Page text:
Researchers determine source of SQL attacks

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Security researchers at the SANS Internet Storm Center (ISC) have discovered a utility that served as the foundation for a series of attacks that compromised thousands of websites and infected millions of users' PCs over the past several months.

The utility performs automated SQL injection attacks against websites found to be vulnerable to specific web searches, according to a report from the ISC. The utility, which appears to be written in Chinese, allows users to pick which HTML tag to insert into a vulnerable webpage, ISC handler Bojan Zdrnja said in a blog post.

Security researchers believe that various criminals have used the utility and other similar ones to infect thousands of legitimate websites. Once downloaded onto a website, the executable code places malware on the PCs of visitors to the infected sites.

"Back in January, there were multiple reports about a large number of websites being compromised and serving malware," Zdrnja noted in his blog. "Most of the reports about these attacks pointed to exploitation of SQL injection vulnerabilities."

In analyzing the utility, Zdrnja said it communicates with a server in China after it infects a new site. "My guess is that the attackers get paid for this since the tool calls a script (pay.asp) to verify something," he said.

The utility then connects to Google and uses a specific user-configurable search string to find sites vulnerable to SQL injection attacks. Zdrnja said he still has to analyze the SQL injection process to discover the exact manner in which it operates.

"The nice thing about this is that we finally managed to confirm that it is SQL injection that was used in those attacks," Zdrnja said. "The tool has more functionality that we still have to analyze, but this is the main purpose."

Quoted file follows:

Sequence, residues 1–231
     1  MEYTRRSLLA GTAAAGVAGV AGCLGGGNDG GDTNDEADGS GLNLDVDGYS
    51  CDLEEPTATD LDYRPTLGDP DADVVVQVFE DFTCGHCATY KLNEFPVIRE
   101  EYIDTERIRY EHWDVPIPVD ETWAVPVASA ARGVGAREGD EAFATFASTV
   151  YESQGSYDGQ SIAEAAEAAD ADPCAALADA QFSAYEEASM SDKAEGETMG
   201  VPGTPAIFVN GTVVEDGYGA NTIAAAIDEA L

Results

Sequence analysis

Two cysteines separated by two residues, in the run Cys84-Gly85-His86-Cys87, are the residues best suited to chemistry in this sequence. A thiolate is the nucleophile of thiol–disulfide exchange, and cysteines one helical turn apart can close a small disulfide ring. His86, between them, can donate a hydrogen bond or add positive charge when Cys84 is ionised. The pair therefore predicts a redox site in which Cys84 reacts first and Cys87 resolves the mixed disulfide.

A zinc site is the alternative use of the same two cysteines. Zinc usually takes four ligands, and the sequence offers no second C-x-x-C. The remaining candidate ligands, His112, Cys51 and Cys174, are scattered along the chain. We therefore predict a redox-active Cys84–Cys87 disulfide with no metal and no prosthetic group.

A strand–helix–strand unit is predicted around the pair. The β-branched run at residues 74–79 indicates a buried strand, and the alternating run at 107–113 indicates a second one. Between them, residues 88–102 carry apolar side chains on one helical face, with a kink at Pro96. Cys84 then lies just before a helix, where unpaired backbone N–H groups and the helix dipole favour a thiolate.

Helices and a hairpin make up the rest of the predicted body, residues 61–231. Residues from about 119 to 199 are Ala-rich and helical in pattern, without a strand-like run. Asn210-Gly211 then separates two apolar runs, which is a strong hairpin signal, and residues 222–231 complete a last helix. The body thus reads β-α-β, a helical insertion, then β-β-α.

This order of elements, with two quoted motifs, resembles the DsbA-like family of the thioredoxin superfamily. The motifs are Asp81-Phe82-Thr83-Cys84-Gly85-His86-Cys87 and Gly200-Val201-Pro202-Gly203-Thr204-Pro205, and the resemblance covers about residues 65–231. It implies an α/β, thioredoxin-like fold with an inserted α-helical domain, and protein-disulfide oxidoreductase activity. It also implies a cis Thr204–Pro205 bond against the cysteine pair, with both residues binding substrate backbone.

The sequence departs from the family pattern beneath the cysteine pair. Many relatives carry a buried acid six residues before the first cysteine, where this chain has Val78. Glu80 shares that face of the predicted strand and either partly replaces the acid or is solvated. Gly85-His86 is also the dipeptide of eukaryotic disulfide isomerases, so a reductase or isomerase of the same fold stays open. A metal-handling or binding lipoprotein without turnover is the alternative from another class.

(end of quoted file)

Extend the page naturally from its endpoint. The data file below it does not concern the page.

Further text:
He also urged website operators to "check your applications and make sure that they are not vulnerable" to SQL injection vulnerabilities.

Despite the number of successful attacks by those using the utility, the number of SQL injection attacks is declining, at least on well-trafficked websites, Brian Chess, a founder and the chief scientist at security vendor Fortify, told SCMagazineUS.com.

"The problem is in smaller IT shops, with people who don't understand that how they write code can make them vulnerable,” he said.

Stopping SQL injection attacks is not complex, Chess said. "There are certain function calls in whatever platform -- Java or .NET -- that are susceptible to SQL injections, and it's easy to avoid the vulnerable function calls,” he said.

The ISC's research findings "underscore the importance of monitoring databases in real time," Alex Rothacker, manager of Application Security's SHATTER Research Team, told SCMagazineUS.com.

"The continued updating of rules sets at the monitoring sensor level is the best way to implement comprehensive data protection, which will detect this type of attack quickly," he said.
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